No one stopped it. No one intervened. When that happens the recipient of violence draws but one conclusion: I deserved it. If not, then in a loving family it would be stopped.
From this I concluded, logically I thought, that it must be that I was not hurt. Therefore I would not cry.
I have no emotion, I declared. Just like Mr. Spock. I still wanted to cry. I fought down the feeling. At no point was my family to know I hurt inside.
I learned control easily. I did not cry. I steeled my stomach. My shoulders hunched and my jaws clenched. I laughed, though. It was my safety valve.
I still do it sometimes. Old habits and learned responses.

I have no emotion.

This is, of course, a lie. I’ve always had them. I simply never allowed them. Denial helps.
I ignored the pain. I buried it deeply in my psyche’s backyard and tried to forget the path to it.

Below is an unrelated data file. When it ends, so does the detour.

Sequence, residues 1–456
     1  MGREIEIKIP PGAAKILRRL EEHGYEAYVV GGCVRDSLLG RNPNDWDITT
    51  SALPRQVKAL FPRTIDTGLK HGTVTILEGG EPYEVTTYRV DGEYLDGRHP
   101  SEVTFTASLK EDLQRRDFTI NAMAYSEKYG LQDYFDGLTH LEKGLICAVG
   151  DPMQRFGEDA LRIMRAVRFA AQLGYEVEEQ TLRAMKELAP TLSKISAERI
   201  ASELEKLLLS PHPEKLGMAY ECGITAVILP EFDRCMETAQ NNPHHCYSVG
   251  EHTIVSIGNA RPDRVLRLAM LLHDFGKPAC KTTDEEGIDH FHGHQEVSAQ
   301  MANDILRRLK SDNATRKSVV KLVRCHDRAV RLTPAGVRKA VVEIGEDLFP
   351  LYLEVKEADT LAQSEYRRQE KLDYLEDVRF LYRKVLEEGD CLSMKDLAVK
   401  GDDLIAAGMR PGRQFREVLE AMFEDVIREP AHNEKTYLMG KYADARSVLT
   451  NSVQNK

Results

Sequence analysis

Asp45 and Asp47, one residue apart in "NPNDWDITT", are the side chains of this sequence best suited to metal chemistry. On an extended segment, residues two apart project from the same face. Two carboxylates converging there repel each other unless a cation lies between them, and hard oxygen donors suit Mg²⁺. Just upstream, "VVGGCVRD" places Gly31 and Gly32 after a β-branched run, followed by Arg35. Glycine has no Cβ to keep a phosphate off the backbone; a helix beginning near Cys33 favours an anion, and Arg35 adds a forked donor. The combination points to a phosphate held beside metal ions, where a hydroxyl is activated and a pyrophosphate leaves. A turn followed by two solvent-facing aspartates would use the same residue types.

I lived a life apart from emotional comfort and comforting. I wanted it. I’ve learned over the years to express love and to hug friends. We weren’t huggers in my family. I never knew why.
All I knew of human touch ended in sharp talons down my arms or a pounding fist.
I was hugged perhaps once a year and from visiting relatives. I relived it each night until I’d wrung every drop of feeling from it. Eventually all that remained was the memory of a feeling. This memory, this essence of a feeling, is what I lived on until the next hug.
I was unable to respond to hugs. I was terrified. What if the hugger could sense I was not used to it? If I was not being hugged, then I reasoned that it must follow logically that I was unlovable.
Who would hug the unlovable? I was afraid the hug would stop mid-embrace and the hugger would recoil from the realization.